Irreconcilable Differences

LTW does its best with a stale play that should have been retired long ago

Live Theatre Workshop has pulled from the archives I Do! I Do!, a dusty little musical from the creators of The Fantasticks. In 1992, when I reviewed a version of I Do! I Do! at another theater company, I wrote that the company "lavishe(d) a wonderful pair of singing actors on a show that nearly undermine(d) the foundation of social conscience" upon which that theater had built more than 20 seasons.

However, LTW has never pretended to be a theater of social conscience; it's an organization that does its best to entertain people, usually with pretty good material, in a very small space. I Do! I Do! certainly entertains a lot of people, but that task must fall to the two cast members, because the material is as stale as 40-year-old wedding cake.

Tom Jones--not the pheromone-dripping Welsh pop singer, but an American scribe--provided the book and lyrics, and Harvey Schmidt penned the score for this 1966 musical based on Jan de Hartog's 1951 play, The Fourposter. From the vantage point of a bedroom, it follows a marriage through the first part of the 20th century.

I'll get to the good news--the part that LTW is responsible for--after the bad news, and that's the material itself. As I wrote in that 1992 review, "My Cup Runneth Over" is the only highlight in a generally undistinguished score, and the script itself is worse than undistinguished by today's standards.

The text lacks any sense of period; the entire marriage seems to unfold around 1955, as the script stumbles over all the relationship clichés of the I Love Lucy era.

Two critical issues underlie the central scenes. One is the infidelity of the husband, Michael; the other, which is what really dates this play, is wife Agnes' fear that her "life as a woman" is about to end with the departure of her children and the onset of menopause.

But these issues turn out to be little more than shallow water on which to float a couple of songs. And a problem simply evaporates at the end of a song instead of trickling through the remainder of the show as it would through the rest of the marriage.

Most offensive is Agnes' behavior when Michael threatens to leave her for a younger woman. Anticipating liberation, Agnes launches into a number more appropriate for a burlesque queen. Actress Molly Holleran and director Missie Scheffman wisely minimize the more tawdry aspects of this number, but they can't make us forget that what this really boils down to is the antiquated notion that only quietly married women are moral, and divorcées are whores.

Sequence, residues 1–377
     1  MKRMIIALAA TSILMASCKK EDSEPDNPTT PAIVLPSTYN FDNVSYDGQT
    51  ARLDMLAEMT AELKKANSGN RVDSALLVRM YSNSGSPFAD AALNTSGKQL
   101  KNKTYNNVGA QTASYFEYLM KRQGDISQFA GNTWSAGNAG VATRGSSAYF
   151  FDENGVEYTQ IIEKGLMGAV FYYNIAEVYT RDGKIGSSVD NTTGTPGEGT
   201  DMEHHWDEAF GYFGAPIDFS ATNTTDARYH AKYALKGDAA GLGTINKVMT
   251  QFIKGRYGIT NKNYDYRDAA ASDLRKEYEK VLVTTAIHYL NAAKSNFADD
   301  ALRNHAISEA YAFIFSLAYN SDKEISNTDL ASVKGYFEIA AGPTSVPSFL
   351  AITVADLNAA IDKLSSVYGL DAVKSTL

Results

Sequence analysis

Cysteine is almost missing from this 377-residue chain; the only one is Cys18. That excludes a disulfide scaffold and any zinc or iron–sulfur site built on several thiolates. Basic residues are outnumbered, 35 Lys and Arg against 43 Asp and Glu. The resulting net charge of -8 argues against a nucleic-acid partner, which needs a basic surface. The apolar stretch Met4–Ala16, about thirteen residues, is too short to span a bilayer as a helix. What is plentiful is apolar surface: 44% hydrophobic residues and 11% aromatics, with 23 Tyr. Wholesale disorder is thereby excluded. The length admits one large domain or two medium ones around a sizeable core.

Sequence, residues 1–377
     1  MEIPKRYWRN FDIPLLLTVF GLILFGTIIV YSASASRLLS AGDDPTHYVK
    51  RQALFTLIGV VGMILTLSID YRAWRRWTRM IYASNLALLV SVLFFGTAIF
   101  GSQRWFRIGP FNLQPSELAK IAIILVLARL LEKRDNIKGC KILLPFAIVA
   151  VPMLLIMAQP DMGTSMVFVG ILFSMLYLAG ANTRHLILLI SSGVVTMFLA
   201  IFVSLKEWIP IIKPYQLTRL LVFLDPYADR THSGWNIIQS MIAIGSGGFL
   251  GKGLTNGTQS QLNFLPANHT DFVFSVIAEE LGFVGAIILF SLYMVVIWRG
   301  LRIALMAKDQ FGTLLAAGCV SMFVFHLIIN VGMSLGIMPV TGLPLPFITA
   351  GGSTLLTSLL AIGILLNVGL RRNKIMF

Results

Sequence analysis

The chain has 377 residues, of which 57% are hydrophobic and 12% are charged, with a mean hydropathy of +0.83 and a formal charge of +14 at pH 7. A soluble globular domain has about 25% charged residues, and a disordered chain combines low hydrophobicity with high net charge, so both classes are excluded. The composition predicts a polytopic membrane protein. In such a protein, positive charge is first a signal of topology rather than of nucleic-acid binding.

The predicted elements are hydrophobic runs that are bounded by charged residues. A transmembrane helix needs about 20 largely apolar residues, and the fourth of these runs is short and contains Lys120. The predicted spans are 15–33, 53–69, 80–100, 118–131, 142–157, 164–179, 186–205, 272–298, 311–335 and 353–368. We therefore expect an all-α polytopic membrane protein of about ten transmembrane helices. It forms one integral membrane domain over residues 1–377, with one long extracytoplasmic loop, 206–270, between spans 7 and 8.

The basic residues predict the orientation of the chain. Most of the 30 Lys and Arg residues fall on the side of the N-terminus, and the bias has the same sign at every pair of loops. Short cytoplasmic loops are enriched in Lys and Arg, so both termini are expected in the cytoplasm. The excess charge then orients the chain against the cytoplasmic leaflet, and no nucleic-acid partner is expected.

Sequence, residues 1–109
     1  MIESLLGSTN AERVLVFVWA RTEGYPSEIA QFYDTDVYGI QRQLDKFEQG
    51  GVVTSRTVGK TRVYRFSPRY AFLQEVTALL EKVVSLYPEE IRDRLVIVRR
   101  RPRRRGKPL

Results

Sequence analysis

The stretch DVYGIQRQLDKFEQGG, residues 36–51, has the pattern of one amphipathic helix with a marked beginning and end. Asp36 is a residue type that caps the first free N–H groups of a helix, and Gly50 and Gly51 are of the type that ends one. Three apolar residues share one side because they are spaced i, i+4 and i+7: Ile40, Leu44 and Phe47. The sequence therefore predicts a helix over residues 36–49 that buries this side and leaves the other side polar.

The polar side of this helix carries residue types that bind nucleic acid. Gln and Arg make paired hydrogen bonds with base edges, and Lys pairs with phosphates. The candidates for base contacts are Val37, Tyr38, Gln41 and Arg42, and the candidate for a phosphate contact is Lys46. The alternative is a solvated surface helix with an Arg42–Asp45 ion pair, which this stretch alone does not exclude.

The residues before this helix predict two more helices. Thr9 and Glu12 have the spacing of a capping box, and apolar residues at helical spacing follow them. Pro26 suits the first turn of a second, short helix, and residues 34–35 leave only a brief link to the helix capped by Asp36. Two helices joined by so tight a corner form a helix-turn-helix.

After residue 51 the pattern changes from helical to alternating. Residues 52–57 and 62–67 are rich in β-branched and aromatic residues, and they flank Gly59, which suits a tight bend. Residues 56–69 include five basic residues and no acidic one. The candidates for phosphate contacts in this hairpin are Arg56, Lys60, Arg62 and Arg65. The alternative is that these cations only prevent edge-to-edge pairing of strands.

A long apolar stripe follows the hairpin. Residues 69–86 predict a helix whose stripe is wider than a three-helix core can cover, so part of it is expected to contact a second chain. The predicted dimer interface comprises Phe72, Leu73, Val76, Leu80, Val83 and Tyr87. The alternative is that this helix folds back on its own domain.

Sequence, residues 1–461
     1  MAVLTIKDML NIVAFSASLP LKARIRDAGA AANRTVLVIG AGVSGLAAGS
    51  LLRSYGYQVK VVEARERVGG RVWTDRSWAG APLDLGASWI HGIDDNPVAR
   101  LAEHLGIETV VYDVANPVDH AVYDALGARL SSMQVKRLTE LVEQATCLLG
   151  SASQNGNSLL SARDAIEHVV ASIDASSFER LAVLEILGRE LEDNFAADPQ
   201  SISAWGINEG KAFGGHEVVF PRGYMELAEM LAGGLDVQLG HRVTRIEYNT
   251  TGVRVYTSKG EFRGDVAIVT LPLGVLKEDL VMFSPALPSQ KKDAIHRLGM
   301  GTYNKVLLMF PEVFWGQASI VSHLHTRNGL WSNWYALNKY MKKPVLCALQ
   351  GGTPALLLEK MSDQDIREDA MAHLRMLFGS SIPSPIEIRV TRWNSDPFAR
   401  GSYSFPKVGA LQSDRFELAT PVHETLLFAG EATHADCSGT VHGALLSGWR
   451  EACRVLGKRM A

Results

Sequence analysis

Except for scholarly purposes, nobody now would revive one of those old "coon shows" from the turn of the last century, in which African Americans and whites in blackface sang and danced their way through every available black stereotype, all in the name of fun. So why do we still seek innocent pleasure in the good-natured sexism and quasi-misogyny of this play?

Perhaps it's because the Michael character is depicted as something of a pompous jerk, so we're not supposed to take anything here too seriously. Unfortunately, this is where Michael Martinez is least convincing; he's sweet and endearing in his more innocent moments, but in the central scenes during which Michael becomes petulant and selfish, Martinez turns into an actor pretending to be petulant and selfish, and stops being a real human figure.

If Martinez seems too affable of a fellow to add bite to his more cynical lines, at least he's a fully committed entertainer, giving his all to the songs and the dance numbers. Similarly, Holleran is nicely nervous and eager as the young bride, gradually compressing under the weight of her character's burden as the show progresses. Holleran is a classical singer whose voice could easily fill a concert hall or cathedral; rightly, she scaled it down for the LTW production, but even so, she seemed to be holding back a bit too much on opening night, compared to Martinez. Perhaps she was under the weather; her voice got a little ragged through the course of Act 1, but it fully recovered during intermission.

Scheffman, in her first directorial effort, has done her best to make us care about the characters and to move them around intelligently on a very cramped stage dominated by a four-poster bed. Similarly, Eva Tessler has done a remarkable job with the choreography in a tight space, and pianist Aryo Wicaksono most ably takes on the instrumental duties. Solid set and costume design complete an attractive production of I Do! I Do!, a show that really ought to be divorced from our contemporary society on the grounds of irreconcilable differences.